Due to a curse placed on King Pandu, he could not have sexual relations with either of his wives.  To ensure the king had an heir, his wife, Kunti, made use of a boon she had been granted that allowed her to beget a child by any deity she chose.  The third, and last child Kunti bore was Arjuna, begotten by the god Indra [Indra, in Hinduism, is the king of heavenly gods] (Hopkins 122).

Growing up, Arjuna is described by the epic as the most adept warrior among the five Pandava brothers.  Of all the other Pandava brothers, and the hundred Kauravas, Arjuna was the great warrior Drona’s most diligent student.  One Mahabharata story recounts an archery practice where Drona instructed each boy to aim at a wooden bird in a tree.  As each boy aimed, Drona asked him what he saw. After each boy had described the bird, tree, and landscape beyond, Drona told him to lower his bow.  Only when Arjuna replied to Drona’s question that he only saw the bird’s eye, was he allowed to shoot the target (Menon 2006a: 118-119).  This story highlights the importance of focus, and how focused Arjuna was as a student. Another example of Arjuna’s dedication to learning was his discovery that his brother Bhima ate at night as well as he did in the day. Since Bhima was so good at eating, this gave Arjuna the idea to practice archery in the dark, to become more skilled (Menon 2006a: 116). As a further advantage to his skill at archery, Arjuna gained the celestial bow Gandiva by assisting Agni in the burning of the forest Khandava (Menon 2006a: 302).
Arjuna used his skill with his bow to win the hand of Drapaudi at her swayamvara, by shooting a spinning wooden fish in the eye while only looking at it in a reflective pool. Together with his brothers, he married Drapaudi as a common wife (Rodrigues 231).  As a rule, when one of the brothers was alone with Drapaudi, the penalty for interrupting was a 12 yearlong exile.  When news of trouble among his subjects came, Arjuna realized he had left his weapons in the room that Drapaudi was occupying with one of his brothers.  So great was his sense of duty, that he obtained his weapons, defended his subjects, and voluntarily went on his exile immediately after (Menon 2006a: 259-260).  During this exile, Arjuna married many more wives to strengthen his family’s kingdom. Of his many wives, the four most important were Drapaudi, Chitrangada, Ulupi, and Krsna’s sister, Subhadra.  Arjuna fathered Abhimanyu with Subhadra.
In The Mahabharata, the eldest Kauravas, and rival of Yudhisthira for the throne, Duryodhana, challenged Yudhisthira to a game of dice. Yudhisthira had a weak spot for gambling, and it is said that due to Duryodhana’s treachery he lost everything he possessed, including his kingdom, his brothers, and Drapaudi.  After the results of the gambling were declared void by the king, due to the humiliation of Drapaudi, Yudhisthira agreed to one final game of dice in which the wager was 12 years in exile, followed by a year that the exiled must stay disguised, or else face another 12 year exile. Yudhisthira lost, and the five Pandavas and Drapaudi were exiled (Williams 31).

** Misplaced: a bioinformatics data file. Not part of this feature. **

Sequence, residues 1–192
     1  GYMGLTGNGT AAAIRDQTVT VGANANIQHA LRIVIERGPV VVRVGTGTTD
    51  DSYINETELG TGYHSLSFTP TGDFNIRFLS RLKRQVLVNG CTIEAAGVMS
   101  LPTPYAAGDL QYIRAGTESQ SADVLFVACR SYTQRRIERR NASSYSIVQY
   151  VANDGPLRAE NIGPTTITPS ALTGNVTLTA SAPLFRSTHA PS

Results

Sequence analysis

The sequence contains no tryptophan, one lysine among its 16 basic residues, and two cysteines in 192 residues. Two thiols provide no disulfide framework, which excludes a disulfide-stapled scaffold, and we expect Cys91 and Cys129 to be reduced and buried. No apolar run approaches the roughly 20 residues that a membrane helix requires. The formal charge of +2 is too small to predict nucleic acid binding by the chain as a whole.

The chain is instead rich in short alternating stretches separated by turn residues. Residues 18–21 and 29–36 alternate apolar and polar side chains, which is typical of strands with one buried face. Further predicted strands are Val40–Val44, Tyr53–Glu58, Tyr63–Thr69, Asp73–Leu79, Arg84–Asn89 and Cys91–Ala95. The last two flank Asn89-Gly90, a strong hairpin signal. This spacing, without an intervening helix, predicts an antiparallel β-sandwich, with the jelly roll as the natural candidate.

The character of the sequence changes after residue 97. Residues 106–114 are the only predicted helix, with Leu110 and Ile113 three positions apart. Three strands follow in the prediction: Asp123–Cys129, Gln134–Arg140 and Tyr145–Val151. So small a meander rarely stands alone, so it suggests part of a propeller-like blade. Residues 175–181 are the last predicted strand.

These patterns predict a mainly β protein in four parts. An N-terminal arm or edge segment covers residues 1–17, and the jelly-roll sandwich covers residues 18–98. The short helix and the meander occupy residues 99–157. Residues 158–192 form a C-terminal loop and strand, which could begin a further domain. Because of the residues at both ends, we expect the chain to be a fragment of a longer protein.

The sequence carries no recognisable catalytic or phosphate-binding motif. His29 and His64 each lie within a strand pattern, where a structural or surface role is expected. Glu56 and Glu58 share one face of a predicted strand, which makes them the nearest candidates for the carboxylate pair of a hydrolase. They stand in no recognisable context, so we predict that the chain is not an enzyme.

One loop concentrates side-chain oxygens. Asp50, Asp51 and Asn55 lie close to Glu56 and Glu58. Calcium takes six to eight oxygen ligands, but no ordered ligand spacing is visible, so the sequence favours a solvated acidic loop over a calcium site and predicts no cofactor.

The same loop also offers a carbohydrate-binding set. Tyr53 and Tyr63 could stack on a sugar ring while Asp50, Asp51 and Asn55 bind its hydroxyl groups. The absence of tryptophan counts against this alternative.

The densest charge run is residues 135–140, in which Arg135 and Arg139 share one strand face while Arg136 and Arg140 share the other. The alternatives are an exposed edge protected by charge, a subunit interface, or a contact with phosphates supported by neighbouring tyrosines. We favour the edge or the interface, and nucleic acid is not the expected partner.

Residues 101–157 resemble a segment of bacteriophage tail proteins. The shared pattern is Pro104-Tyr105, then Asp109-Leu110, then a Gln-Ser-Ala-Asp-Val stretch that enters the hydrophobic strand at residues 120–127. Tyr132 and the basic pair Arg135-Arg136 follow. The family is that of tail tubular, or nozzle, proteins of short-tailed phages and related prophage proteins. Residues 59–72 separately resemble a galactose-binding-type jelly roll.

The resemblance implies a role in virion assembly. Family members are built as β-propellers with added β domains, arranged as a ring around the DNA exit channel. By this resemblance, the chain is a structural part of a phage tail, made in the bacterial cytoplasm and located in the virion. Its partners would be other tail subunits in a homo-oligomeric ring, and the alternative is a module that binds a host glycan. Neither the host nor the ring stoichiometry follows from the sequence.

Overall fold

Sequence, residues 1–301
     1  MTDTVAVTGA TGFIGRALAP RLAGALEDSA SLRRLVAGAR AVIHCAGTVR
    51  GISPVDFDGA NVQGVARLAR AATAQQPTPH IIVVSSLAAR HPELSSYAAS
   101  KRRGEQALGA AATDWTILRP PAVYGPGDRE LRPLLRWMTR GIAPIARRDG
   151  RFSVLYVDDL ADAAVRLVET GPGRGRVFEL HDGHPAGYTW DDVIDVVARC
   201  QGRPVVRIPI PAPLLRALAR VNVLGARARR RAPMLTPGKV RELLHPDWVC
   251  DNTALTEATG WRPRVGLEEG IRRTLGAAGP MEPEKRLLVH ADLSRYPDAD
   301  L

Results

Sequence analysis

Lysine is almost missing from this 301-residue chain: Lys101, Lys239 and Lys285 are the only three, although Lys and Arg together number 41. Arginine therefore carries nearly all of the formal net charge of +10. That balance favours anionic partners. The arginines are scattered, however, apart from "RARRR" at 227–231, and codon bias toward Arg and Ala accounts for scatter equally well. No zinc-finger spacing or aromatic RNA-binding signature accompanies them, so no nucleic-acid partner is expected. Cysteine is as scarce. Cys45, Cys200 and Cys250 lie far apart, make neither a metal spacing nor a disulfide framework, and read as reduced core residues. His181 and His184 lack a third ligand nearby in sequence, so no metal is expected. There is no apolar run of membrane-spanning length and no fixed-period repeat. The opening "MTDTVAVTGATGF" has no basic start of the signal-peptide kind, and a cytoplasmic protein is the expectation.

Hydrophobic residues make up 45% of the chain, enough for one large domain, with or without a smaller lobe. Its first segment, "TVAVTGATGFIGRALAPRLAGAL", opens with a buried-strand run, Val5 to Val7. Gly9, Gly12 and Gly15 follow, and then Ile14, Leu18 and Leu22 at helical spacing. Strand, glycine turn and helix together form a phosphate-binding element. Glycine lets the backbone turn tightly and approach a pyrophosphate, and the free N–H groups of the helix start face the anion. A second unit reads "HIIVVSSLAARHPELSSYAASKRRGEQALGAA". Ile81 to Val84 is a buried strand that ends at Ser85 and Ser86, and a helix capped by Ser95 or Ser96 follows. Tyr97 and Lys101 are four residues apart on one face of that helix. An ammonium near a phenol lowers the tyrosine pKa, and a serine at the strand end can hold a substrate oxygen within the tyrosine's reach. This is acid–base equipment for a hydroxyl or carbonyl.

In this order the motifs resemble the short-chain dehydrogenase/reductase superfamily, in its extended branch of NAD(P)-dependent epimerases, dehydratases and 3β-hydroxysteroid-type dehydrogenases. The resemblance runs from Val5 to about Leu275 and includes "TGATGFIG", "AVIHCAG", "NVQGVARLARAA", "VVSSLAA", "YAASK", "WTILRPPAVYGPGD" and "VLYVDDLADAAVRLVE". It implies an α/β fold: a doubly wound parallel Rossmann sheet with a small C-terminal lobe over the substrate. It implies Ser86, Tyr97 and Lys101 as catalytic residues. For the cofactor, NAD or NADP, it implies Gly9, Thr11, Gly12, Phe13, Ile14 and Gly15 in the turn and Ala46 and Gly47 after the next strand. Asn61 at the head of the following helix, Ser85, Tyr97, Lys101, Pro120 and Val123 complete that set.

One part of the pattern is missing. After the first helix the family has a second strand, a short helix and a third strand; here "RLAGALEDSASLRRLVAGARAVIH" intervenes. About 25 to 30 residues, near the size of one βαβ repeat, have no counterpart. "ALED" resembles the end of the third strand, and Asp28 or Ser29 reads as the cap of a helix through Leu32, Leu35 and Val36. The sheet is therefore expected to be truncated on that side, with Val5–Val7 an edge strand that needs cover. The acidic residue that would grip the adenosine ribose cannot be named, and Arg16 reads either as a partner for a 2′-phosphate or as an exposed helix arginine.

During his second 12 years in exile, Arjuna left his brothers and wife and went on a pilgrimage to the Himalayas to win favour with the gods and to gain celestial weapons to use in the unavoidable war against the Kauravas at the end of the exile.  In the Himalayas, he fought against Siva, who had disguised himself as a Kirata, (mountaineer).  Soon after the fight began, Arjuna found himself disarmed and overcome by his opponent, and ashamed of his defeat, started to worship Siva and ask for forgiveness  (Menon 2006a: 448).  For this devotion, Siva gave Arjuna Pasupata, his most powerful weapon, and restored his bruised body to even greater strength than before (Menon 2006a: 449). After his fight with Siva, Arjuna was taken into heaven by his father, Indra, and lived among the gods for many years (Menon 2006a: 459). After impressing the gods Indra, Varuna, Yama, and Kubera, each presented him with unique celestial weapons (Hopkins 149).
While in Indra’s court, the celestial nymph Urvashi fell in love with Arjuna, but cursed him to live life with impotence when he rejected her. Indra later influenced Urvashi to change the duration of the curse to one year. In the last year of exile, Arjuna uses the curse to his advantage and disguised himself as a eunuch, acting as the master of dance and music under Raja Virata (Bae 145).  At the end of the year, he helped Raja Virata defeat a Kaurava army, resulting in the marriage between Abhimanyu and Virata’s daughter, Uttara (Menon 2006a: 679).
With the terms of their exile completed, the Pandavas looked to the Kauravas for their rightful half of the kingdom.  Duryodhana refused them, and even refuses to give them five villages to live in, causing war to break out (Rodrigues 233).  The two armies gathered on the plains of Kuruksetra. Before the battle, Arjuna approached Krsna for help, where Krsna gave him an ultimatum. Choosing between having Krsna on his side, or his army, Arjuna chose to have Krsna as his charioteer and allowed Krsna’s armies to fight for the Kauravas, as Krsna had loyalties to both sides (Hodgkinson 9). It is here, with Krsna on his chariot, lining up for the battle, that Arjuna faces the terrible grief of the moral dilemma that is in front of him. Before him he sees many familiar faces in the opposing lines and realizes that the battle would result in him killing kin, and great teachers, such as Bhishma and Drona. Just as he is about to give up, to Arjuna’s surprise, Krsna revealed himself as a god, and revealed the subject matter that makes up the Bhagavad Gita in an effort to convince Arjuna to fight (Hiltebeitel 110). Krsna teaches Arjuna the whole philosophy of the Vedic tradition (Hodgkinson 10). Krsna teaches in gentle tones and exposes many types of yoga, and teaches to focus on upholding righteousness without consideration of personal loss, consequences and rewards, and that duty supersedes any other pursuit.  Krsna finally convinces Arjuna to fight by telling him that killing his kin doesn’t matter because, “by my hand these men are slain already” (Segal 170). From this point on, Arjuna becomes a devoted student and subject to Lord Krsna (Segal 171).